Moreover, Ahmed et al. [10] found no significant differences in the levels of TC, LDL-C, and HDL-C levels based on WC therapy durations (< 1 year or > 1 year). This contradicts the findings by Suhaily et al. [11], and Alsafi [12] who reported a significant difference after 3 months of cupping therapy.

Additionally, the study found no significant variation in TC, LDL-C, and HDL-C levels based on sex, aligning with previous findings by Tasneem et al. [13] and Abd EL-Ghaffaar et al. [14].

However, this study had limitations due to inadequate funding and difficulties in specimen collection within the designated time. Consequently, some data points were inadvertently missed, such as the frequency of cupping therapy, body mass index (BMI), and blood pressure.

However, our results should be considered alongside several methodological challenges that warrant attention. We utilized a relatively small sample size of only 30 participants, limiting the potential to generalize its findings to a broader population. Moreover, the absence of a distinct control group and the decision to use participants as their own controls could leave findings susceptible to potential confounders as well as the placebo effect. Participant selection criteria were not clearly defined, introducing the possibility of selection biases. The choice to rely on verbal rather than written informed consent might also pose ethical and reliability issues. The evaluation period of the study was relatively short. Blood samples taken at the beginning and then only 10–14 days after the initiation of WC therapy may not capture longitudinal effects on cholesterol. Our sole reliance on a spectrophotometer to measure cholesterol levels might have reduced the comprehensiveness and accuracy of our results. Further, our decision to exclude individuals taking lipid-lowering drugs reduces the real-world applicability of our results. Additionally, the lack of a defined blinding procedure raises concerns about potential biases due to the researchers’ and participants’ expectations or beliefs. It is essential to consider these limitations when interpreting the study’s findings, and future research should address these methodological challenges to ensure more credible and generalizable outcomes.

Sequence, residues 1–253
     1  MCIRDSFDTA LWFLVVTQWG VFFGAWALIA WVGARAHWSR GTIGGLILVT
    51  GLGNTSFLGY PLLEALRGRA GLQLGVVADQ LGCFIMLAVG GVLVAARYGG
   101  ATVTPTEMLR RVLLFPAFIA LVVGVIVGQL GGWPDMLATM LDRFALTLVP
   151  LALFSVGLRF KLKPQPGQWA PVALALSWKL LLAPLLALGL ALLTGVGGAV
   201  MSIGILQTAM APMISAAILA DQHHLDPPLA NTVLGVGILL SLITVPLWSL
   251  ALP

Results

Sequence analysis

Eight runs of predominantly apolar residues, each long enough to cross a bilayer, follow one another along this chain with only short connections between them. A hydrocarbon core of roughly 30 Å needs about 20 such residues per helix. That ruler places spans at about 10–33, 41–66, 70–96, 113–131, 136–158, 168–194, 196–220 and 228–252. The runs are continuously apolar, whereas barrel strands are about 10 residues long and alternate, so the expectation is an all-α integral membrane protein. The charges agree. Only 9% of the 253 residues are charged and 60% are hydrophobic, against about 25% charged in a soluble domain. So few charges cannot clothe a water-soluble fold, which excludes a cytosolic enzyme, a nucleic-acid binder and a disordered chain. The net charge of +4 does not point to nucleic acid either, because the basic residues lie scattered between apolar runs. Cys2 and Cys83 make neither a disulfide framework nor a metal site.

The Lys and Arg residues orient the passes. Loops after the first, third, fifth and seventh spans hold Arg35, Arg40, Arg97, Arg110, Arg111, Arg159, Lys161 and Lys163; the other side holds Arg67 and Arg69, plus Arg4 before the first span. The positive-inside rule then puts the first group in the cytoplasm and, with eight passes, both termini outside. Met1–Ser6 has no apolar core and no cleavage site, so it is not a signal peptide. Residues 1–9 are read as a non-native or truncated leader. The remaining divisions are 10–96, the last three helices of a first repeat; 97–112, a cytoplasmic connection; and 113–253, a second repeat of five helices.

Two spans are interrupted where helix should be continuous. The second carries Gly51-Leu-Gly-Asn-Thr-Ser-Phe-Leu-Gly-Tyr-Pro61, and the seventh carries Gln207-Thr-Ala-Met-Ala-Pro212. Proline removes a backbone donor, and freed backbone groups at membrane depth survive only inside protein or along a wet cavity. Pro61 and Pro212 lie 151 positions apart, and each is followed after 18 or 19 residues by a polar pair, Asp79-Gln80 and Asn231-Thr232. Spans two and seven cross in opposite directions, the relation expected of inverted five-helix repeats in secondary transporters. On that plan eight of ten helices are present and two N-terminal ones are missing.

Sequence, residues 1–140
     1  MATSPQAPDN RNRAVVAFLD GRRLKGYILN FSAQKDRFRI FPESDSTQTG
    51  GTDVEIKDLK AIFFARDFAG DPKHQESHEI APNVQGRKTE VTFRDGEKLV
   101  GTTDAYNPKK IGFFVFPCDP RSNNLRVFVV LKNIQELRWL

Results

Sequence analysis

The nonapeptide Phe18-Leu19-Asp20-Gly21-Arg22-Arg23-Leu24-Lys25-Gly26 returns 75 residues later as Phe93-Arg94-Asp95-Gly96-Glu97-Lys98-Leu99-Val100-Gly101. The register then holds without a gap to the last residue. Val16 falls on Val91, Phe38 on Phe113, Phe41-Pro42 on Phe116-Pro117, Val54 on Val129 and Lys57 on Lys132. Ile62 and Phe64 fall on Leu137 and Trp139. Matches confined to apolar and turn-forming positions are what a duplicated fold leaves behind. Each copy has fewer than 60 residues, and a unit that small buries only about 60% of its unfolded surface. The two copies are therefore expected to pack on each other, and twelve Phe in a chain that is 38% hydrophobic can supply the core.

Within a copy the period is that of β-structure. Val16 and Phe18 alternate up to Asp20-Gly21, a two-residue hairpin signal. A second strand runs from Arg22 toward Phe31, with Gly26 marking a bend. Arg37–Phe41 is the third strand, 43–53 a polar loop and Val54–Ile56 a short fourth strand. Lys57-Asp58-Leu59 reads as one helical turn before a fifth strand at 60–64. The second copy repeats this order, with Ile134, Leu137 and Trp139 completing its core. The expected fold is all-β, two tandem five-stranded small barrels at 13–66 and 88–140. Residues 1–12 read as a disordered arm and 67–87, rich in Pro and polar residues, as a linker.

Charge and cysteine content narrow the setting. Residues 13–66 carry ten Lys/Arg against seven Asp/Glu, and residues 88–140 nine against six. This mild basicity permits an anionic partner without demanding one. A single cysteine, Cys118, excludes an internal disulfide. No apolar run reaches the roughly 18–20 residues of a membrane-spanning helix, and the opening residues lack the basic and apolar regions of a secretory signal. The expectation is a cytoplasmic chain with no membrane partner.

Further research is needed, including diverse participants and conduct retrospective studies with long-term follow-up assessments to determine the lasting effects of WC therapy. Additionally, evaluating clinical data like blood pressure, BMI, glucose levels, and inflammatory markers is recommended. Incorporating WC therapy into existing treatment plans could also be valuable.